# Show integral is independent of time

## Homework Statement

Given that $u(x,t)$ satisfies $u_t-6uu_x+u_{xxx}=0$ (*) and $u, u_x, u_{xx} \to 0$ as $|x| \to \infty$ show that

$I_1 = \int_{-\infty}^{\infty}u^2dx$

is independent of time ($\frac{\partial I_1}{\partial t}=0$).

-

## The Attempt at a Solution

I guess it would suffice to show that $I_1$ is equal to some function of (only) $x$. I can't think of a way to do this which involves the equation (*). My attempt so far has been to do some kind of substitution so that I integrate with respect to $u$ rather than $x$. Something like

$I_1 = \int_{-\infty}^{\infty}u^2dx = \int_{u(-\infty,t)}^{u(\infty, t)}u^2 \frac{dx}{du} du = \int_{0}^{0} \frac{u^2}{u_x} dx = 0$

Am I on the right track?

ShayanJ
Gold Member
That doesn't seem right to me. Use Leibniz integral rule for differentiating the derivative w.r.t. time and then use the differential equation for substitution.

Ray Vickson
Homework Helper
Dearly Missed

## Homework Statement

Given that $u(x,t)$ satisfies $u_t-6uu_x+u_{xxx}=0$ (*) and $u, u_x, u_{xx} \to 0$ as $|x| \to \infty$ show that

$I_1 = \int_{-\infty}^{\infty}u^2dx$

is independent of time ($\frac{\partial I_1}{\partial t}=0$).

-

## The Attempt at a Solution

I guess it would suffice to show that $I_1$ is equal to some function of (only) $x$. I can't think of a way to do this which involves the equation (*). My attempt so far has been to do some kind of substitution so that I integrate with respect to $u$ rather than $x$. Something like

$I_1 = \int_{-\infty}^{\infty}u^2dx = \int_{u(-\infty,t)}^{u(\infty, t)}u^2 \frac{dx}{du} du = \int_{0}^{0} \frac{u^2}{u_x} dx = 0$

Am I on the right track?

As "Shyan" has already suggested, you can show that ##I_1## is a constant by showing that ##dI_1/dt = 0##.

Thanks guys.

I've given your advice a go. So far I have used Leibniz integral rule and $f=u^2$:

$\frac{\partial I_1}{\partial t} = \frac{\partial}{\partial t}(\int_{-\infty}^{\infty} f(x,t)dx) = \int_{-\infty}^{\infty} \frac{\partial f}{\partial t} dx = \int_{-\infty}^{\infty} uu_tdx$.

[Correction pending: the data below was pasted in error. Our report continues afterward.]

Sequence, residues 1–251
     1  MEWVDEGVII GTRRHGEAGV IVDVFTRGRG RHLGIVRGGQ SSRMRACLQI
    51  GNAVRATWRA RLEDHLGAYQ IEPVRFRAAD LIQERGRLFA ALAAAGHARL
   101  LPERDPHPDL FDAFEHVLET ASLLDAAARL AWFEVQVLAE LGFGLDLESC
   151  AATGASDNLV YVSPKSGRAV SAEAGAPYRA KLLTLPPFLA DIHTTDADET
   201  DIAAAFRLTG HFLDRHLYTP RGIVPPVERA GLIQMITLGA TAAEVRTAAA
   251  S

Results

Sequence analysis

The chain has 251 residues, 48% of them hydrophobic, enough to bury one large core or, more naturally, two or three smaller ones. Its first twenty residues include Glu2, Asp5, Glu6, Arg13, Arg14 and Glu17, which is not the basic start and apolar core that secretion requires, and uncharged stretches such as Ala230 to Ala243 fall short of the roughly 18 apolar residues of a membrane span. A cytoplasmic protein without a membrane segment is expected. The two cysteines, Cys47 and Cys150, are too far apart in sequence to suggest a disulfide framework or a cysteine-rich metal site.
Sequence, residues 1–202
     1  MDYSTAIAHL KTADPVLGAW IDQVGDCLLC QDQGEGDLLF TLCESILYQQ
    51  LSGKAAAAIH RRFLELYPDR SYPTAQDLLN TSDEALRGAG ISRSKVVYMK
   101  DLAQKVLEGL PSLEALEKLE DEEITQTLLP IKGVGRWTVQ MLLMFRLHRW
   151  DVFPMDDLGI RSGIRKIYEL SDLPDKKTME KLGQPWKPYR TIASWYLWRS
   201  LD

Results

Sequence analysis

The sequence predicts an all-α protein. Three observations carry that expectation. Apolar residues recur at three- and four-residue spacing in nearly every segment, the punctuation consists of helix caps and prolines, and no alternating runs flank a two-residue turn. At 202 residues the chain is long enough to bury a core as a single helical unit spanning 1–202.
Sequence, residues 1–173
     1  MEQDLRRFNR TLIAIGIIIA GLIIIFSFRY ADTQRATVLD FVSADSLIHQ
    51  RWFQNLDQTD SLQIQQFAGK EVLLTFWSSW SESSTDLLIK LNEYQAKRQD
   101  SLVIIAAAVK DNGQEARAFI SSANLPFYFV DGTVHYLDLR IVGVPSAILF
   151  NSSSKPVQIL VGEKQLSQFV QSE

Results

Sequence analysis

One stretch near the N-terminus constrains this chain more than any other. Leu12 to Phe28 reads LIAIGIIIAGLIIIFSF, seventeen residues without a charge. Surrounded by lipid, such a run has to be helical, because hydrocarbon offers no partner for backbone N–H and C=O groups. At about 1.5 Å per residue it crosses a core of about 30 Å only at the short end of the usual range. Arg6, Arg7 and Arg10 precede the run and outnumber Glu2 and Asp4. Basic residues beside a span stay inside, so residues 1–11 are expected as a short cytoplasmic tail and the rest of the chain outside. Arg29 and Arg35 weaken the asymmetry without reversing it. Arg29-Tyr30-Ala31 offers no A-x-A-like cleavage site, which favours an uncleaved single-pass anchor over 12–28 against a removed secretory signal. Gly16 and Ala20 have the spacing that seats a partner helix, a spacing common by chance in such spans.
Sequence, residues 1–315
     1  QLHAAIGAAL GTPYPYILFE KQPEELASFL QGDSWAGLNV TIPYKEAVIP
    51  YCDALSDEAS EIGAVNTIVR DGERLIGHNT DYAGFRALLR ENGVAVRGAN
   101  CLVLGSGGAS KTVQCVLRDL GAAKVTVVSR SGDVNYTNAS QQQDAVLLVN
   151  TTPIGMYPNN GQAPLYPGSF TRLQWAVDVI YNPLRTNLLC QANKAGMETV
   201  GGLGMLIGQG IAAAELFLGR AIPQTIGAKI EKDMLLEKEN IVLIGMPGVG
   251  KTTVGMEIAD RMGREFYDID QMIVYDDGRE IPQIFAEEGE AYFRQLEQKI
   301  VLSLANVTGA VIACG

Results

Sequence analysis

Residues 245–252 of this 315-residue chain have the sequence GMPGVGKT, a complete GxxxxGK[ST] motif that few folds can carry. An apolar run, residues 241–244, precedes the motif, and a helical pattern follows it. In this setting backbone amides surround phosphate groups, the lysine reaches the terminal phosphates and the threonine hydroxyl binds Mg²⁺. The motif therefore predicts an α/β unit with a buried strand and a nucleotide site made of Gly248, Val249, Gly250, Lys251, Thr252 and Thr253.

Where do I go from here?

Ray Vickson
Homework Helper
Dearly Missed
Thanks guys.

I've given your advice a go. So far I have used Leibniz integral rule and $f=u^2$:

$\frac{\partial I_1}{\partial t} = \frac{\partial}{\partial t}(\int_{-\infty}^{\infty} f(x,t)dx) = \int_{-\infty}^{\infty} \frac{\partial f}{\partial t} dx = \int_{-\infty}^{\infty} uu_tdx$.

Where do I go from here?

Are you forgetting that ##u## satisfies a partial differential equation? You have all the information you need; it is just a matter of applying it.

I thought about subbing in $u_t=6uu_x-u_{xxx}$ to get

$6\int_{-\infty}^{\infty}u^2u_xdx-\int_{-\infty}^{\infty}uu_{xxx}dx$.

I can compute the first integral to get $\frac{1}{3}u^3$ evaluated at $-\infty$ to $\infty$ (so that integral is equal to 0) but I can't do anything with the second integral. I had this problem last night but decided to sleep on it - unfortunately that didn't help!

ShayanJ
Gold Member
Integrate by parts!

Right, I got it thanks!

There's another part to the question, it's pretty much the same as part one but now for

$I_2=\int_{-\infty)^{\infty}(u^3+\frac{1}{2}u_x^2)dx$.

I got it down to

$\frac{\partial I_2}{\partial t}=3\int_{-\infty)^{\infty}u^2u_tdx + \int_{-\infty)^{\infty}u_xu_{xt}$.